Guide to Teething Symptoms and Remedies
Your extra-cranky baby could be showing teething symptoms. Learn what to look for and find the best teething remedies for little mouths. Plus, check out 9 great teething toys
Signs of teething
Short of actually seeing a tooth poking through, and given that the process is different for every baby, some possible symptoms to watch for:
The need to gnaw. The pressure of an emerging tooth beneath the gums may be relieved by counterpressure, so teething babies often want to chomp on things. The chewing instinct may also be a response to the odd sensation that something's going on in there.
Puffy gums. Before a new tooth erupts, it can cause a red, swollen, bruised-looking area on a baby's gums. Sometimes the gum bulges with the emerging tooth, which you can see faintly beneath the skin (if you can convince your baby to open his mouth for long enough).
Excessive drooling. Increased spittle can herald a new tooth -- but it's also a normal developmental stage of infancy, so don't assume that drooling means teething. There's no way to tell whether your baby's saliva is the result of teething or not, though it may be if you also see...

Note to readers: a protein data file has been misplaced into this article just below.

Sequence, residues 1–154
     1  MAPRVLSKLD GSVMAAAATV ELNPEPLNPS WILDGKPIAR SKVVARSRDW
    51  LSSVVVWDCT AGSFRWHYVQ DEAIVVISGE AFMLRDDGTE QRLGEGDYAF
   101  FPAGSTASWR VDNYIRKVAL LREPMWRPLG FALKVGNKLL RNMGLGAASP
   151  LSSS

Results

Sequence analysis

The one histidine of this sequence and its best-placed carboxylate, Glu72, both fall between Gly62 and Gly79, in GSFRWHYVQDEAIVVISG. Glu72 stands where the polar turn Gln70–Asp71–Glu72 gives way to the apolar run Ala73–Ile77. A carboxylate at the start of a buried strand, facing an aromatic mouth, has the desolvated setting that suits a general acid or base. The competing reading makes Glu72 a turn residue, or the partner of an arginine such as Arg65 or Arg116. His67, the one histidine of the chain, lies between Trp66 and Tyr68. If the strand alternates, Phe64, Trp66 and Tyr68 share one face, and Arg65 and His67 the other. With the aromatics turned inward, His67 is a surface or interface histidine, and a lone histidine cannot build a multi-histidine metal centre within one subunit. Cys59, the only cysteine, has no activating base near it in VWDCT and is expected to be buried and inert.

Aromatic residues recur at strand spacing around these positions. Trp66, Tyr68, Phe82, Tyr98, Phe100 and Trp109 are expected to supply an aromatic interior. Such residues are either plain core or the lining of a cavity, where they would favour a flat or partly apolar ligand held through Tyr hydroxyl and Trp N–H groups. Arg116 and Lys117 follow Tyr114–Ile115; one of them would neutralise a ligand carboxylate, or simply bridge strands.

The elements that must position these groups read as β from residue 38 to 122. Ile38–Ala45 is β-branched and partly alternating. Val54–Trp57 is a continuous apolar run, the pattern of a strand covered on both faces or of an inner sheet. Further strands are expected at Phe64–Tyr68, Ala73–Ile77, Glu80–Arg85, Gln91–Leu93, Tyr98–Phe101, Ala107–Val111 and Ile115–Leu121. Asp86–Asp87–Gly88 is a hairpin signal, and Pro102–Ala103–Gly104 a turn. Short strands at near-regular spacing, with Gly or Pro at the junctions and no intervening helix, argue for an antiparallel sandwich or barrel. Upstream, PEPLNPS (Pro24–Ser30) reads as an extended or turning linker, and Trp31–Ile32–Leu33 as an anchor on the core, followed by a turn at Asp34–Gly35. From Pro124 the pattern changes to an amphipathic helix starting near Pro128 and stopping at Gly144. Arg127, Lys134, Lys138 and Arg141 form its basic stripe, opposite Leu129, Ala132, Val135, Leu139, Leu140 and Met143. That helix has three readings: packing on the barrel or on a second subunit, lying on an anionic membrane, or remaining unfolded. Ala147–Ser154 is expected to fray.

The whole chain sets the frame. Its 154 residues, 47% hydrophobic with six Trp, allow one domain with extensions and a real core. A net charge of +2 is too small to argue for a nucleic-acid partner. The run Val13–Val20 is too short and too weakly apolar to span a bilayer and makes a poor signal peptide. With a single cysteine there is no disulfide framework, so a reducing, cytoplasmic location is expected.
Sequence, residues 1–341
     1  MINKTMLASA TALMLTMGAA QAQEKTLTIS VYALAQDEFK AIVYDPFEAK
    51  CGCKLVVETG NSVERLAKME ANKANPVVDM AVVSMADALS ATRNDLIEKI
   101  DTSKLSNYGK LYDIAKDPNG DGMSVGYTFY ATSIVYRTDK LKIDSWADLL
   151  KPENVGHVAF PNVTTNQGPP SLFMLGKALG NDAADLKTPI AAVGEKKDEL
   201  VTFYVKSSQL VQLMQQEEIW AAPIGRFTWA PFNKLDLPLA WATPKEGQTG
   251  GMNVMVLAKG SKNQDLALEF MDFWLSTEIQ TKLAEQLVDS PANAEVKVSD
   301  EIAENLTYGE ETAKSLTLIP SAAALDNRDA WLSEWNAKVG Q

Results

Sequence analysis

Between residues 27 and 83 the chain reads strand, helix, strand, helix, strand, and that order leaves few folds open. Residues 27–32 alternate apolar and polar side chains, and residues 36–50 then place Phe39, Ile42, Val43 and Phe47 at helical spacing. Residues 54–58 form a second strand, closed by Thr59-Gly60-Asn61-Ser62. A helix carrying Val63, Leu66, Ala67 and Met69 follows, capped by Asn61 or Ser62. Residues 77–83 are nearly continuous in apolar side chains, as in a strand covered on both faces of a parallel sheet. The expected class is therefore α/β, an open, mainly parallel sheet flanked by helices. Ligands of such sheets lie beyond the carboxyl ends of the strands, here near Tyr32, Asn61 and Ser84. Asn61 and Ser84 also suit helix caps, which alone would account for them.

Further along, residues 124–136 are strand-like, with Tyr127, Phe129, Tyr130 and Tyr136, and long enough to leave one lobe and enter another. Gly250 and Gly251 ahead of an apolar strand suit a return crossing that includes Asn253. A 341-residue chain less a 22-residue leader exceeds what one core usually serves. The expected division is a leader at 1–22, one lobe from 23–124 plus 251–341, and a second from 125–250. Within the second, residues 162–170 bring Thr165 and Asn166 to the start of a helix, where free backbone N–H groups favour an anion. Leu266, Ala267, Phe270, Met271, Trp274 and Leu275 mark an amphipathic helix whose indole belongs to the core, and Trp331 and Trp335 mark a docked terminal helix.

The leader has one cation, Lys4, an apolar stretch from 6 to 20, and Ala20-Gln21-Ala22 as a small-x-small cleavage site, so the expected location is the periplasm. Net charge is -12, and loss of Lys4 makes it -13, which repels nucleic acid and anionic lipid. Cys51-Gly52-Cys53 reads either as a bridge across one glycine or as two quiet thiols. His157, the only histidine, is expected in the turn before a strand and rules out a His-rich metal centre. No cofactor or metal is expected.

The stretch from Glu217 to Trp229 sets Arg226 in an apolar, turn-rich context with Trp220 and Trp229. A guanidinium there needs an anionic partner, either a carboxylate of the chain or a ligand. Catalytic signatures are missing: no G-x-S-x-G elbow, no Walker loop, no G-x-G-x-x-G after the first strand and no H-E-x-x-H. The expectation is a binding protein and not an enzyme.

Fussiness, especially at night. Tooth eruption -- when the tooth moves through the bone and gum -- tends to come in stages, with more activity at night than during the day, so your baby may be more irritable then.
Ear pulling. While it can also be a sign of an ear infection, tugging can be a symptom of teething: The pain from the jaw gets transferred to the ear canal.
A change in eating habits. Babies who are eating solids may want to nurse or bottle-feed more because a spoon irritates their inflamed gums. Others may do the opposite, eating more than usual because the counterpressure feels good. And babies who are still on the bottle or breast may begin feeding eagerly but pull back because the activity of sucking puts uncomfortable pressure on the gums and ear canals.